Light In The Darkness

“Unto the upright there ariseth light in the darkness: he is gracious, and full of compassion, and righteous.”


Dark seasons come to us all. This is regardless of where we are or who we are or what we are doing. We are here. We are involved in this thing called “life” and the reality is that we all experience dark times. But there is a marked difference between the darkness that is experienced by the upright and the unjust.

The unjust dwell in darkness, and it a manifold darkness. They are lost in the darkness of sin, of confusion, of ignorance, of pride and stubbornness. Their eyes are blinded by the god of this age, their foolish hearts are darkened, they stumble in the darkness groping for anything solid, yet terrified and held back by fear not knowing what they will find…and they have no light…ever.

The upright have been transferred from the kingdom of darkness into the Kingdom of God’s dear Son. They were once in darkness, but now have been made children of Light, in fact, the light of this world. And yet we remain living testimonies in a world of fallen things. And we dwell daily in fallen bodies. These fallen systems love darkness and not light. And God is gracious and has given us His word to be a lamp to our feet and a light to our paths as we walk life’s narrow way. And because we are living epistles and stewards of light, living in the midst of a crooked and lost generation, we find ourselves at times in darkness. At a loss of which way to go, of our purpose, of our goal…and we fret. We become anxious.

But always the upright has hope. The upright has fixed his or her heart upon the One to whom they have cried out to for their salvation. He alone has shown Himself strong on their behalf. He alone has freed them from their prison and set them at liberty from their oppressive labors. And in the times of darkness, there arises a light. In the Lord’s time, there arises a light. Hope is renewed and strengthened, the sails of vision are filled to full strength, the upright begins afresh to be the living extension of the kingdom of God among those lost in darkness…

And he is once again gracious to those around him. He is full of compassion to those who do not know what compassion is. and above all and through it all, he is righteous. Not because of what he has done through the trying time of darkness, but righteous because of the One who has called and redeemed and adopted and made alive by the word of the gospel and the generous, miraculous work of His Holy Spirit indwelling and empowering him.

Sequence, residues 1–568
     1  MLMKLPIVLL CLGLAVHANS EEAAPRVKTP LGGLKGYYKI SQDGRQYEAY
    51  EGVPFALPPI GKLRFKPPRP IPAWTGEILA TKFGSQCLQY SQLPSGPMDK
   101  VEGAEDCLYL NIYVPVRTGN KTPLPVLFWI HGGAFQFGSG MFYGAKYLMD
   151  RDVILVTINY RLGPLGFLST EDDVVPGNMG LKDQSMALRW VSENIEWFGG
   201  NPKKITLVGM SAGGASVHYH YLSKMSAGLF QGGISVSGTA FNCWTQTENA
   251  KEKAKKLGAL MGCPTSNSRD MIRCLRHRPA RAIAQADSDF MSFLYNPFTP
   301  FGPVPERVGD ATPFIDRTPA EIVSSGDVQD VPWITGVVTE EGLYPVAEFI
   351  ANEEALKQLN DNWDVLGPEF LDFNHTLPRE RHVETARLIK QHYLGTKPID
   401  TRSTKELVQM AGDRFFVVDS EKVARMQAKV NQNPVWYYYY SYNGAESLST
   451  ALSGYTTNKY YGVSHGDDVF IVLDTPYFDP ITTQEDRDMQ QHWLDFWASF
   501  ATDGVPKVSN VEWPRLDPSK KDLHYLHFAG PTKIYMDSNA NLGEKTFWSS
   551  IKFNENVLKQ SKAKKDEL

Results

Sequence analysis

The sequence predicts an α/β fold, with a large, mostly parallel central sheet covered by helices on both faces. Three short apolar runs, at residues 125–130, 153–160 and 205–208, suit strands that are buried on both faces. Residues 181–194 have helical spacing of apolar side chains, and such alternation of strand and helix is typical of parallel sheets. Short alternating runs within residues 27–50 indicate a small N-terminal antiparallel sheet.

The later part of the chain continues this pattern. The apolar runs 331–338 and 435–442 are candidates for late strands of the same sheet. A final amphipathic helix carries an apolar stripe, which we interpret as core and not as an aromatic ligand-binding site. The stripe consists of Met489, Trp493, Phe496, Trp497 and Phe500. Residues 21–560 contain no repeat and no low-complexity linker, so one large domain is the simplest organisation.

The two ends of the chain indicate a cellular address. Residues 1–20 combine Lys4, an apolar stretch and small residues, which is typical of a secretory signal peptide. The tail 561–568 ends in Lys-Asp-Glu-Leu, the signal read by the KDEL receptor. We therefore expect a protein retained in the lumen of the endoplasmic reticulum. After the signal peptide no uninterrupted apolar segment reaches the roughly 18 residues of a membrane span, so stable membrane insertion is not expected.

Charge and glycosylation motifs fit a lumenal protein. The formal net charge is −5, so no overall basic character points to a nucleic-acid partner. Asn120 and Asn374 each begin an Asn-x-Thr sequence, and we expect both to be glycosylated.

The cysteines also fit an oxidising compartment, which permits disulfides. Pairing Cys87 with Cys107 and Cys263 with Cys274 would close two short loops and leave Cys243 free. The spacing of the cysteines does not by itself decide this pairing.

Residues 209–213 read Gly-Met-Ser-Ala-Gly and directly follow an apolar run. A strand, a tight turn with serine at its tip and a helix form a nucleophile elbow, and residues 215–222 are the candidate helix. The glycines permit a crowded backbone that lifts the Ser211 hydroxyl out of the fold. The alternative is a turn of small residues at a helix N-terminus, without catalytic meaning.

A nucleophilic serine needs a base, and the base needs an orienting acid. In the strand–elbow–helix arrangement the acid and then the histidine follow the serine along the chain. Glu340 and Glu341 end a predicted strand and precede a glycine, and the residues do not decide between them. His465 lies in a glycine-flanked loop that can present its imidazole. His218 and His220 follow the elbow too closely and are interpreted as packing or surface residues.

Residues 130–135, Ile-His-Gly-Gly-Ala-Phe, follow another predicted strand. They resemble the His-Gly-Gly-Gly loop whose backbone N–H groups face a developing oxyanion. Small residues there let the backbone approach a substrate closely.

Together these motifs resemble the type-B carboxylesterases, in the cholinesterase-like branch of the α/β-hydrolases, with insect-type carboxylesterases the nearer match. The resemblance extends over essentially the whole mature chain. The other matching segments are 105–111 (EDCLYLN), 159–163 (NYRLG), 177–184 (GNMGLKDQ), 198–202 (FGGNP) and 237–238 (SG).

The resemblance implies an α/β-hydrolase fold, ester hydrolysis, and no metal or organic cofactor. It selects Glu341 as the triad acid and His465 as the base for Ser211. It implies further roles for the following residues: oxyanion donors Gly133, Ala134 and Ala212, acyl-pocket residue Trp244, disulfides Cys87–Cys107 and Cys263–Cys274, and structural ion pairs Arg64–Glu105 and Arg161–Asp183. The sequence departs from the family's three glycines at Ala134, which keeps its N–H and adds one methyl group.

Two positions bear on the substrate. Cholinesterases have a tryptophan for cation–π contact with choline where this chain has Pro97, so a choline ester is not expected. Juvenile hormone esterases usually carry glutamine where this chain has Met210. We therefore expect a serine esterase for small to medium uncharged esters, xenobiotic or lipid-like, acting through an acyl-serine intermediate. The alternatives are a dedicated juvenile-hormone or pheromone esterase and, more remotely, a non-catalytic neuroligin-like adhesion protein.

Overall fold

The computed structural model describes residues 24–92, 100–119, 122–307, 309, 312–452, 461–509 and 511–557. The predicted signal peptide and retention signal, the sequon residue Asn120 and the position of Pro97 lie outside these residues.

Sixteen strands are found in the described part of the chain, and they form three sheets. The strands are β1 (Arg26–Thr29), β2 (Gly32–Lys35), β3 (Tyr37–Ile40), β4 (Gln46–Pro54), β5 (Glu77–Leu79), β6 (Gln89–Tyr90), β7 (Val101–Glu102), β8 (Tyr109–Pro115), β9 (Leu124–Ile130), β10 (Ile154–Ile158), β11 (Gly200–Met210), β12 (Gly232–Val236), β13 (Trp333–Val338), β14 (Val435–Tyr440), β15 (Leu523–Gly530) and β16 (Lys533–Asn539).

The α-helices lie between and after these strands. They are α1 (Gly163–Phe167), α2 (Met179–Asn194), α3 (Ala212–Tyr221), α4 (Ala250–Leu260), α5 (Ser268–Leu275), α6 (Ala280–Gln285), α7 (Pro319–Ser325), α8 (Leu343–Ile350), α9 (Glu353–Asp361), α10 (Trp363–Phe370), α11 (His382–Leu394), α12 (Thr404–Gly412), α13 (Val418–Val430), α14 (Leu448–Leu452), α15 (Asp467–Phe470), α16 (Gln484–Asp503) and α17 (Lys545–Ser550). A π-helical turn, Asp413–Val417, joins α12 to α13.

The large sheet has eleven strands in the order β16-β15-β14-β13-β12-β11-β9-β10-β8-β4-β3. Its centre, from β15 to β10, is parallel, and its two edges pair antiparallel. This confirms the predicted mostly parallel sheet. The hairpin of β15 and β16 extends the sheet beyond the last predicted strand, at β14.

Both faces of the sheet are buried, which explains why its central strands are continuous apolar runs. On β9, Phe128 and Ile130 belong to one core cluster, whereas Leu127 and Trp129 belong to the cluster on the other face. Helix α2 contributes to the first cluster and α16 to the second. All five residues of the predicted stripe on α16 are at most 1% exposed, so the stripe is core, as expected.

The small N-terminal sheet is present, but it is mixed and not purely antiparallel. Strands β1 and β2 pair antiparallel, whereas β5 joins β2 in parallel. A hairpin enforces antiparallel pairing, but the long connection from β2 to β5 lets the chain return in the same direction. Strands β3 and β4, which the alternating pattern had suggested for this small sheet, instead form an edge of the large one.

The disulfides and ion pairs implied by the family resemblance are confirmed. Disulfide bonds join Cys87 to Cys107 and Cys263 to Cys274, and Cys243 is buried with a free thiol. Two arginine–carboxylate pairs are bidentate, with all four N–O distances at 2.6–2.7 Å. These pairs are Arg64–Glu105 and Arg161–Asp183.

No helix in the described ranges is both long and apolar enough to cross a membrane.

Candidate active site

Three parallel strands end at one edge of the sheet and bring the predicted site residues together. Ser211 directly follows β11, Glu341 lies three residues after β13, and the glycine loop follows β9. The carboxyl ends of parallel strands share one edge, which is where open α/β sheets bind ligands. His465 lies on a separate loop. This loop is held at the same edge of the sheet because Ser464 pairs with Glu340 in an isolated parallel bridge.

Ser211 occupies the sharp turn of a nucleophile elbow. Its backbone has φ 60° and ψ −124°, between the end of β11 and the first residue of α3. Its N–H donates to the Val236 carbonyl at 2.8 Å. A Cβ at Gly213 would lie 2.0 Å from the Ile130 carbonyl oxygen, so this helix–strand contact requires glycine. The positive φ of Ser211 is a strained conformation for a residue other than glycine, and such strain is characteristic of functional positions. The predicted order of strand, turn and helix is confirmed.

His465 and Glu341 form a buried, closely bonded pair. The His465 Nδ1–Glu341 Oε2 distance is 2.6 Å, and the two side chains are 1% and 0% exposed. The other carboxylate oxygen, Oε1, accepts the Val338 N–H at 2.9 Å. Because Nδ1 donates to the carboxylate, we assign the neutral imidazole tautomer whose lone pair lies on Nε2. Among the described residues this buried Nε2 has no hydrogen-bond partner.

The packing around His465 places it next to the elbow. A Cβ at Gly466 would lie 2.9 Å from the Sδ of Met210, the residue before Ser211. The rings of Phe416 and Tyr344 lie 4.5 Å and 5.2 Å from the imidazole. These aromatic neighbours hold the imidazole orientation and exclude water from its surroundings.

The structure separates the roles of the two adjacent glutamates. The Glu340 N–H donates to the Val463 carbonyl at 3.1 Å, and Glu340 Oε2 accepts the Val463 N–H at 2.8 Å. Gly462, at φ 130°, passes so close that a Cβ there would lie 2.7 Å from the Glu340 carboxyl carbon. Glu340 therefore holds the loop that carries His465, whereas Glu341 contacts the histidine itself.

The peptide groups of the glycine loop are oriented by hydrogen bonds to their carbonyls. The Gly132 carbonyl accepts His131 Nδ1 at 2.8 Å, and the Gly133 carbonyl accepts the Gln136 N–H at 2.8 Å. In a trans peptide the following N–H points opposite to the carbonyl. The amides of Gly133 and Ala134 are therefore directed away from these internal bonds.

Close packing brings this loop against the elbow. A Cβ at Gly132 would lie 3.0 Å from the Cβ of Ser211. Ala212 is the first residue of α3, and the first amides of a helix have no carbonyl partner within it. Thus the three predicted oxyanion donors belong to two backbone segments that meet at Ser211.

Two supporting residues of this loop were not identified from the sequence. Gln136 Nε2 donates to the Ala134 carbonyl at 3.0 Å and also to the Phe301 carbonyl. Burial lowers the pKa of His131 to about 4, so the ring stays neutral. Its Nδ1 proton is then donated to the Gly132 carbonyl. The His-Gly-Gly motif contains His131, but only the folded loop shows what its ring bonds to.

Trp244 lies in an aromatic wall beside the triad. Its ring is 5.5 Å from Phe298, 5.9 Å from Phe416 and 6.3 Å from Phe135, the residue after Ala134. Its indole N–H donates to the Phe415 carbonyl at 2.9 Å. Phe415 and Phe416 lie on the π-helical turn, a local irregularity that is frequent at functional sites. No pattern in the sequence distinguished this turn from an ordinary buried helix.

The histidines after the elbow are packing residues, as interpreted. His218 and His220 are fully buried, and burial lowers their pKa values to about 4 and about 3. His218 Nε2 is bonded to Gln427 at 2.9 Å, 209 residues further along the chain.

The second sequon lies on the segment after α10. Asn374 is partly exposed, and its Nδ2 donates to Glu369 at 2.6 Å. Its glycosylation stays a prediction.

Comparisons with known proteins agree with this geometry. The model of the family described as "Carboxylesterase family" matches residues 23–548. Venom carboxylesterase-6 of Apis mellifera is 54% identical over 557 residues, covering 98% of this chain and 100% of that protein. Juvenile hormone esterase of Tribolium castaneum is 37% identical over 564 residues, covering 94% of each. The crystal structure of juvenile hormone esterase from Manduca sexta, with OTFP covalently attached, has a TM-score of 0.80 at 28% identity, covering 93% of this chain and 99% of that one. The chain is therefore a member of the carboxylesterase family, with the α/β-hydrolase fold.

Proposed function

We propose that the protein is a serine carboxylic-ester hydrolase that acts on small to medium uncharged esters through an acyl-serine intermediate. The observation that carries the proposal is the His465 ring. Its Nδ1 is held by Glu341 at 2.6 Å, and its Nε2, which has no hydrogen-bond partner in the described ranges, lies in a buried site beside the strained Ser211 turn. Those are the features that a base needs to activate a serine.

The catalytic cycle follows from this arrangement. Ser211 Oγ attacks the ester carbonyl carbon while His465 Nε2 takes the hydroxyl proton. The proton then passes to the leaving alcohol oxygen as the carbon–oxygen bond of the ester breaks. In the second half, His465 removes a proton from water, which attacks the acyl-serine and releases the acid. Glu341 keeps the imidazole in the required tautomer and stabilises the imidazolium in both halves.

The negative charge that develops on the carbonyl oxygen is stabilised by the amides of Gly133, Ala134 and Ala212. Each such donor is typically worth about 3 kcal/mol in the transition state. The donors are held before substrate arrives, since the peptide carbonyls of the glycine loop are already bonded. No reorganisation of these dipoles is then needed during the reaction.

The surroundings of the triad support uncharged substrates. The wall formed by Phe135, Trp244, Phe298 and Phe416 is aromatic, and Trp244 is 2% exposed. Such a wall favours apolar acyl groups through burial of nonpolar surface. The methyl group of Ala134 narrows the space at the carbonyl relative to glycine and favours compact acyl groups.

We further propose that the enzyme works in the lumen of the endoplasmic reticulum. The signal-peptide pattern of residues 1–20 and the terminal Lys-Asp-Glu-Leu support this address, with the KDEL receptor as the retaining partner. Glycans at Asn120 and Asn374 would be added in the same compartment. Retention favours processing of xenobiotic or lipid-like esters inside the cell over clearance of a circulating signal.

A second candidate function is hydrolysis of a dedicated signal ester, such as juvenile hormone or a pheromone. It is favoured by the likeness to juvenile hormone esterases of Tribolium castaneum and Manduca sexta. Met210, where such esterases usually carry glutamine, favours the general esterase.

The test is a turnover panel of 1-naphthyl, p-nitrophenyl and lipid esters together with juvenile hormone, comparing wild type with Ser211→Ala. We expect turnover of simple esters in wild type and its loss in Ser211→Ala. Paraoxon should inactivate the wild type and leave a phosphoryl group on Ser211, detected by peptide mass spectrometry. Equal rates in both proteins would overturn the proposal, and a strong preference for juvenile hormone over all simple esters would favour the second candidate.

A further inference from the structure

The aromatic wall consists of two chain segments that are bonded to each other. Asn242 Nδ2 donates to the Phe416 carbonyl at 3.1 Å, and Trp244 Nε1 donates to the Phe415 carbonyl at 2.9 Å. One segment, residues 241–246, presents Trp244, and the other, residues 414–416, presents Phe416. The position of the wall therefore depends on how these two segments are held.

9 replies
  1. Tim Brown
    Tim Brown says:

    Good reminders, Josh. I would argue that the darkness the Christian occasionally visits is different from the darkness out of which we were transferred. All darkness isn’t created alike. I would rather have Kingdom darkness than worldly light. The darkness of the Kingdom is brighter than the world’s light because there is hope in the darkness of the Kingdom whereas there is no hope in the world’s light. Thanks for the reminder.

  2. Josh Olson
    Josh Olson says:

    Interesting thought, Tim, and I can always count on your comments in everyone’s post to be first and always encouraging. Love it.

    I am reminded that “He is light, and in Him is no darkness at all.”

    We may go through dark seasons, dark times, that are not “godly” in origin, but are rather demonic, discouraging, depressing that have no godly origin. God may definitely use these seasons to bring glory to Himself and work them together for the good to those that love God and are the called according to His purpose.

    What would you categorize or describe as ‘kingdom darkness’?

  3. Tim Brown
    Tim Brown says:

    Great point, Josh – and I am in full agreement. There are dark times that are not godly in origin and are demonic, etc. I think that this darkness could still be characterized by ‘kingdom darkness’ because no matter how dark it gets (or who’s making it dark), I am still in the kingdom! I can be in the darkness, but never in the domain of darkness for I have been transferred out of that ghetto. In addition, no matter how dark it gets (or who’s making it dark), I go through the darkness as a kingdom person and one whom the King never deserts. “Yea, though I walk through the valley of the shadow of death I will fear no evil, for Thou are with me!”

  4. Josh Olson
    Josh Olson says:

    Yeah, man.
    Not trying to mince words, just clarifying 🙂